Yes, we all talk about greenhouse effect and it seems the news continues to be more and more dismal.
Today, let’s talk about greenhouse ‘affect’, the affect of living in a glass environment on your soul, your psyche and your health.
We all know the long dark winter days we have just endured are hard on our spirit. It does not seem natural to be cooped in the house for all those months without any sunshine.
Under glass, the advantages are many.
One is SAD, Seasonal Affective Disorder
In a recent article printed in Scientific America, the affects of too much darkness are documented:
“The association between darkness and depression is well established. Now a March 25 study in the Proceedings of the National Academy of Sciences reveals for the first time the profound changes that light deprivation causes in the brain.
Neuroscientists at the University of Pennsylvania kept rats in the dark for six weeks. The animals not only exhibited depressive behavior but also suffered damage in brain regions known to be underactive in humans during depression. The researchers observed neurons that produce norepinephrine, dopamine and serotonin—common neurotransmitters involved in emotion, pleasure and cognition—in the process of dying. This neuronal death, which was accompanied in some areas by compromised synaptic connections, may be the mechanism underlying the darkness-related blues of seasonal affective disorder.
Principal investigator Gary Aston-Jones, now at the Medical University of South Carolina, speculates that the dark-induced effects stem from a disruption of the body’s clock. “When the circadian system is not receiving normal light, that in turn might lead to changes in brain systems that regulate mood,” he says.
Treating the rats with an antidepressant significantly ameliorated brain damage and depressive behaviors. “Our study provides a new animal system for antidepressant development. Many existing animal models depend on stress. Our model is a stress-free means of producing a depression. It might be particularly relevant to seasonal affective disorder, but we think that it is relevant to depression overall,” Aston-Jones says.”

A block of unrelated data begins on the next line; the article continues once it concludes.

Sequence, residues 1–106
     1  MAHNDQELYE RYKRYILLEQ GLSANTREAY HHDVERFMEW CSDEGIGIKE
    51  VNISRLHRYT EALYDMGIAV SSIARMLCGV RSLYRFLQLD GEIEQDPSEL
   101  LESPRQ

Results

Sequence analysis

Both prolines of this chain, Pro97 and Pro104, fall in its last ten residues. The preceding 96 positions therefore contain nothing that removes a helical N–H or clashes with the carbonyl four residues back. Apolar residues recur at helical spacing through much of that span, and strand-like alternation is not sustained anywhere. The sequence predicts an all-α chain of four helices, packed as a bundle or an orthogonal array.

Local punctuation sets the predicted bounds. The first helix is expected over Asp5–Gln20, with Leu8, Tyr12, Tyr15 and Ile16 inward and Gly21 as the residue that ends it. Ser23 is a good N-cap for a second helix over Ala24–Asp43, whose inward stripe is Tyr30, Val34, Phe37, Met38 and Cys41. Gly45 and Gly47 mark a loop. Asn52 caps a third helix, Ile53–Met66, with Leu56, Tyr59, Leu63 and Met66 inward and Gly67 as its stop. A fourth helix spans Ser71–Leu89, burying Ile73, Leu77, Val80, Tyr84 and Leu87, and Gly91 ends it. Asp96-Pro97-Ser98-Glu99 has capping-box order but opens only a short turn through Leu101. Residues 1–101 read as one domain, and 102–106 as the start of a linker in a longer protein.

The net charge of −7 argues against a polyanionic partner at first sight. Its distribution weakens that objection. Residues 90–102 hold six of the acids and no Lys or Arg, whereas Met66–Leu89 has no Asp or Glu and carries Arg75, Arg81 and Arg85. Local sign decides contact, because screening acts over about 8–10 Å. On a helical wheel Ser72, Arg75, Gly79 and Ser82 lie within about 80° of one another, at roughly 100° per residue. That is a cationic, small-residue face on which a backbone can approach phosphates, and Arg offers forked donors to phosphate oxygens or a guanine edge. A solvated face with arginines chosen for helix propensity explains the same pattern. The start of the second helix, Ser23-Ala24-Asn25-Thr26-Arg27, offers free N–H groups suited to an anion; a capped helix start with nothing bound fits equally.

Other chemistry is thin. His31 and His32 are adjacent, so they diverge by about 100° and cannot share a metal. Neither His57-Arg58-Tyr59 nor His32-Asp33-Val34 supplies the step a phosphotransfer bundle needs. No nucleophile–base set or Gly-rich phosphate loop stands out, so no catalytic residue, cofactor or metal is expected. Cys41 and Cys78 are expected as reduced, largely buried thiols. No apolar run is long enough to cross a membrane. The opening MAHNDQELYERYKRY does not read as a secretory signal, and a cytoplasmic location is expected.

We obviously believe the conservatory is the cure for this. We have one client in Boston who said she always used to require winters in Florida to prevent depression, now she stays home in Boston, and spends her time in the conservatory. Of course, this may be bad news for the tourist business in Florida, but its great news for the family that gets mom home all winter.
Your Greenhouse Affect also comes from enjoyment of being outside in the winter, without the boots and parka. We enjoy snow storms and blizzards in the conservatory and pretend we are inside a snow globe!
Consider fresh herbs, leafy vegetables, and flowers in your winter. Never stop gardening all year round. Would you not say your life has improved if you can enjoy the fruits of your labor, all winter long?
On sunny days in the winter, my conservatory will heat up to 85 degrees. I let bread dough raise in the sun. Grandkids take naps on the love seat in the sun. Most of our winter days are sunny (when its not snowing), and the sun is a welcome benefit to a long dark winter.
The ‘greenhouse affect’ can be mental health, a place to read, a place to garden, or a place to soak in the hot tub. Without a doubt the affect on us all is positive.